7 Ways to Help Your Teen Cope with Anxiety

boy wearing gray sweatpants sitting on black leather couch, black shirt - anxious teen

It’s hard for adults to cope with anxiety. It’s even harder for teens to do.

If you realise your teenager is having problems with stress and worries, how can you help them cope?

Seven great ways parents can help their teens handle anxiety

1. Get physical!

There has been extensive research on how exercise can be helpful for those struggling with mental health problems, including anxiety. Why? When your teen has an anxiety attack, they experience physical symptoms. For example, faster breathing increased heart rate and sweating.

These symptoms are, of course, distressing and only make the anxiety worse. However, through exercise, your teen can learn to associate these symptoms with something positive—working out—instead of something negative. 

Therefore, encourage your teen to exercise, even if it’s just brisk walking. Or even better, why not exercise or play a sport together?

2. Shift their focus

When your teen has an anxiety attack, they probably focus in on what is causing their anxiety-like a laser beam. As a result, they get “locked” into an unhelpful thought cycle that can be very hard to break.

You can help your teen by encouraging them to shift their focus away from what is triggering the anxiety to something more calming. Have them look at a picture that reminds them of a time when they felt relaxed (the beach, a favourite toy, etc.). Ask them to close their eyes and count to ten slowly. Or teach them to repeat a word or phrase they find reassuring.

3. Challenge their thinking

When your teen is having an anxiety attack, encourage them to examine and the thoughts that are causing their anxiety. Help them look for evidence that supports and does not support their anxious thoughts and to consider an alternative belief. This process can be more straightforward if they have been to therapy and understand that the fear they are experiencing is not based on any real danger. Remind them of what they have learned and how they can move past the anxiety.

4. Promote mindfulness

Practising mindfulness techniques such as meditation can be very helpful for coping with anxiety. It is similar in concept to the second suggestion: Shift their focus.

For mediation, though, encourage your child to focus on having an open mind where thoughts can come and go. As a thought arises, they can acknowledge it, even identify how it makes them feel, then allow themselves to let that thought slip away. Mindful meditation can help your teen feel more in control of their thoughts and feelings, rather than controlled by them.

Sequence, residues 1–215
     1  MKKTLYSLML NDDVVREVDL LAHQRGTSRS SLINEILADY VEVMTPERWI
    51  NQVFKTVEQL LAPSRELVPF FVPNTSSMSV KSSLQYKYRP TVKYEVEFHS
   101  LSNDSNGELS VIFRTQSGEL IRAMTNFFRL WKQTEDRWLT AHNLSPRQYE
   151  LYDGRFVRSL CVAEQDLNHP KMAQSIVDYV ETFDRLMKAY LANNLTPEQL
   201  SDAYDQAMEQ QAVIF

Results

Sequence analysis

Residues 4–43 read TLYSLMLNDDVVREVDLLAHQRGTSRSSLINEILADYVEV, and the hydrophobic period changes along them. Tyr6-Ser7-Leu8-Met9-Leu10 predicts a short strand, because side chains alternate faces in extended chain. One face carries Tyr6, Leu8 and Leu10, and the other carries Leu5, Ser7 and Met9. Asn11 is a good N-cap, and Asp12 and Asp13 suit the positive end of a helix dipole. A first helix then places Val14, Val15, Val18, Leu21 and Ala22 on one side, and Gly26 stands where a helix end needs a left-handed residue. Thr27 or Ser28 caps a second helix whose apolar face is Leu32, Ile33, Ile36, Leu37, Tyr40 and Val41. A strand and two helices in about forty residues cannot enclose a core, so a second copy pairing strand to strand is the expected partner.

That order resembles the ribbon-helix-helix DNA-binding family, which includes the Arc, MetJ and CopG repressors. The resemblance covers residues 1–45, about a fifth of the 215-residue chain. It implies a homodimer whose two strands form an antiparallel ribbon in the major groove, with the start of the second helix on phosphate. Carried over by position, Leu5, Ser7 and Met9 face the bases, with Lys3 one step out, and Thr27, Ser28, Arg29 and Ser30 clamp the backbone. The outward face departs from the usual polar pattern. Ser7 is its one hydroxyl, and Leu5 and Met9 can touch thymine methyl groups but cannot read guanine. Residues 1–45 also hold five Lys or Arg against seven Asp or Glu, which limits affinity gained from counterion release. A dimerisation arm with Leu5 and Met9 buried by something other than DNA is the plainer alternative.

5. Use humour

Humour and laughter are certainly therapeutic and help to redefine anxiety. Instead of something to be dreaded, you and your teen can use humour to acknowledge that they are starting to feel anxious and need to shift gears.

For example, they could say, “Here comes Mr Anxious again!” Giving the anxiety a name can make it less scary and, in turn, less intimidating.

6. Be supportive

Think of yourself as a coach who is trying to provide motivation and encouragement to your anxious teen. Don’t belittle your child or tell them they need to “suck it up.” They already feel terrible. Why make things worse?

7. Give them space

Being supportive also means knowing when to take a moment and step back. Sometimes, even your encouragement may be too much. Maybe your teen just needs some space. Try giving them some distance, but don’t check out completely. Stay engaged with what’s happening, even if it is watching from afar or stepping into the hallway. When they have calmed down re-engage with your teen to make sure they are OK.

Going further

Being the parent of an anxious teen isn’t easy, and you may feel powerless in those anxious moments. However, there is a lot you can do to support your child and help them cope with anxiety.

Check out our anxiety page and related posts for further help and information.

If you would like to speak with someone about your teen’s anxiety, please call us on 0151 329 3637 or email enquiries@counselling-matters.org.uk. Alternatively, complete our online referral form and we will get back to you. 

 

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